I have begun work with Michaela and am currently working my way through the burial records of Saint John’s Cemetery to find Female Factory workers who are buried in the cemetery. Though I have not worked out what my final project will be, simply going through these records is as enjoyable and intriguing as walking through a cemetery. Seeing patterns in names or noticing when there is an above average number of deaths suggests so many stories left untold. And there is a great deal of satisfaction in finally deciphering a word written in such cryptic handwriting! The chance to tell the stories of those buried in the cemetery, even if it only through a list made available to any curious web surfer, is a chance I take on with a passion and with much anticipation of what I might find.
The ‘History Beyond The Classroom’ unit allows for individuals to bring awareness to the stories of a community that are often untold, sometimes forgotten or simply are unknown. In undertaking this unit, I want to highlight that history is not just confined to a museum or to the archives of a library, but rather it can be just a few streets away, within our own local communities, where through time and change in industries, houses and the physical landscape, bring about stories and experiences of how it was once was.
For my initial investigations of the suburb of Glenwood, I sort collaboration with the Glenwood Community Association. From me they were seeking some form of ‘history of Glenwood’, which I think would be fantastic, but with additional consultation, we are still yet to clarify on how this would look. However with this occurring in due time, I decided to undertake my own small investigation of Glenwood through walking. In geography, walking is seen as a geographical research method, which aims to make observations of the real world. When working upon the history of Glenwood, I really wanted to capture real examples that existed. And so there was a place that I knew had some form of heritage attached to it, I had often driven past it, but never had the actual opportunity to go there and examine for what it was worth. This area was Glenwood Park Drive which was connected to the streets Thompson Crescent and Diamond Avenue. Within this location it hosts Glenwood Park House and Parklea Public School.
Glenwood Park House was built in 1853. Classified as a Victorian-style home, it was initially utilised as a property for farming where orchards, wheat and hay and a dairy herd had been present (Powell, 2005). Since then the property has served different purposes whether it be for the grazing of cattle, as a medical centre and to what it is now a private property (Powell, 2005). A heritage listed building, it is surrounded by parkland and vegetation which somewhat obscures its full view upon a hill, whilst housing from the early 2000’s surrounds the property.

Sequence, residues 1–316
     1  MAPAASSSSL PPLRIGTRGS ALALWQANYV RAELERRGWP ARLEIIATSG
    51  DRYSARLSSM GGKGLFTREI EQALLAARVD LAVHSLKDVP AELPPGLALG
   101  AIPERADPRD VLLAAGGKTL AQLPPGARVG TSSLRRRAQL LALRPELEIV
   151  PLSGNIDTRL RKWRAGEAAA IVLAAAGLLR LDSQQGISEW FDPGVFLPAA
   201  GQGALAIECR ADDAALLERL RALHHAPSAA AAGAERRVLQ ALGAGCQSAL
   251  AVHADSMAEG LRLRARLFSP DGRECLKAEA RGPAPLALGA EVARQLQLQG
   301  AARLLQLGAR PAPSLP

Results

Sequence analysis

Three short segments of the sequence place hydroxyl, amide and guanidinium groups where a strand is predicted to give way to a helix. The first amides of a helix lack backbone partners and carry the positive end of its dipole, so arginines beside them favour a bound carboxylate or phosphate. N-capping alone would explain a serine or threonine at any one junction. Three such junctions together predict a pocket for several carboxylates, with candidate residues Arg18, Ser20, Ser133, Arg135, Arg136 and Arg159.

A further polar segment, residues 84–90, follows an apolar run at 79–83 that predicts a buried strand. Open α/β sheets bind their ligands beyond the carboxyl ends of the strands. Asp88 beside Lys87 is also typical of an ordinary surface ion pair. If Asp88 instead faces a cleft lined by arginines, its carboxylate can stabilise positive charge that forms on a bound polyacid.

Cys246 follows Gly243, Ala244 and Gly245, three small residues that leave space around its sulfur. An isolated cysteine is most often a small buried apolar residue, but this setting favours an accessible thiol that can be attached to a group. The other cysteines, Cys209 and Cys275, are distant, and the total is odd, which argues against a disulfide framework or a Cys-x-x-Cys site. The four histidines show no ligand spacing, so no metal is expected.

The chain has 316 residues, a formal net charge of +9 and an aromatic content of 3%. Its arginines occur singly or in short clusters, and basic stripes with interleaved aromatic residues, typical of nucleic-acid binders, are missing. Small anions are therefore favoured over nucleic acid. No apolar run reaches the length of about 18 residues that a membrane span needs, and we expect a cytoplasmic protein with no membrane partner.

Just down a few meters is Parklea Public School. Upon face value it looks like a modern school built in the early 2000’s. However on the school sign, it proclaims to be a school established in 1919. What is interesting is that the school retained its name although it was relocated to its current site in 1999 (Sharpe 2000, p.38). I guess no matter how well you know the suburb that you live, there will always be new things to learn and notice, whether it be the minuscule change to the natural landscape or in discovering new facts about a place. Walking can provide further contextual insights into a suburb. Although utilised in geography, walking is a method that makes history that much more tangible, which can give a broader perspective as to how life could have possibly been like in the past. I feel that there is a greater sense of appreciation, when one is able to visibly see with their own eyes, at history being presented in front of them. History was just a few meters away from my own home. I sure that there are plenty of stories to be shared about a place just a few meters away, of the years that have gone by.
Powell, D. (2005). Glenwood Park (Sorrento). Retrieved from http://roots-boots.net/history/blacktown/glenwood.html
Sharpe, A. (2000). Pictorial History Blacktown and District. Kingsclear Books Pty Ltd.